On October 19, 2011, Dr. Azizah al-Hibri participated in a panel discussion entitled “Muslim-Majority and Muslim-Minority Communities in a Global Context.” The panel was hosted by the Brookings Project on U.S. Relations with the Islamic World and featured, alongside with Dr. al-Hibri, Ambassador Suzan Johnson Cook, Ambassador-at-Large for International Religious Freedom at the U.S. Department of State; Imam Muhammad Magid, President of the Islamic Society of North America (ISNA) and Executive Director of the All Dulles Area Muslim Center (ADAMS).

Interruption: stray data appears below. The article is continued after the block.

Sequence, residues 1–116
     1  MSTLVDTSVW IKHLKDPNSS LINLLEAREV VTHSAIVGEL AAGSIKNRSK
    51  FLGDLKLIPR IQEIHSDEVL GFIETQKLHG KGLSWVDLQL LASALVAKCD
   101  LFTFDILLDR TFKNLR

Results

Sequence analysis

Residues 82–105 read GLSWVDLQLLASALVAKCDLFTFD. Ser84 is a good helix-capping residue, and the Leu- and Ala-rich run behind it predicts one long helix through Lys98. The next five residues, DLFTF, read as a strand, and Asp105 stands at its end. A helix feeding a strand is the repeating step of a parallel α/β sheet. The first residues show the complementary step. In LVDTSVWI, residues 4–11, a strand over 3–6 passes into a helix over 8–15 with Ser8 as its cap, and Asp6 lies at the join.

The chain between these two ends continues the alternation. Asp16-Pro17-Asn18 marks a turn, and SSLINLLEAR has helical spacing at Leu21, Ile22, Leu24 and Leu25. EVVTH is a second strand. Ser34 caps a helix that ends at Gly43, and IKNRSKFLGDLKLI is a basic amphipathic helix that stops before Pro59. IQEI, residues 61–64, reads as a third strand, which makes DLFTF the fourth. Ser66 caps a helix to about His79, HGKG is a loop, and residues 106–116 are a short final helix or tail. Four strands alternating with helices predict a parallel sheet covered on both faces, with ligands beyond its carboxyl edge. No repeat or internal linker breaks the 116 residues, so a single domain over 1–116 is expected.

During the event, Dr. al-Hibri stressed the importance of educating Muslims as well as non-Muslims about Islam, and noted the adverse effects of misunderstanding the religion or misrepresenting it. Dr. al-Hibri pointed out that KARAMAH was engaged in interfaith efforts to educate individuals about Islamic law in the US. Referring to minority rights in Islam, Dr. al-Hibri cited two Qur’anic verses. The first stated that “there is no compulsion in religion,” (2:256), thus guaranteeing freedom of religion in Islam. The second verse emphasized the importance of human diversity in society (49:13). She then turned to the anti-Shari’ah movement in the US noting that it attempts to restrict Muslim First Amendment rights would ultimately lead to similar restriction of other religious groups’ constitutional rights. . Dr. al-Hibri concluded her remarks by calling on Muslims and non-Muslims to respect people of all religions and accept them on equal footing.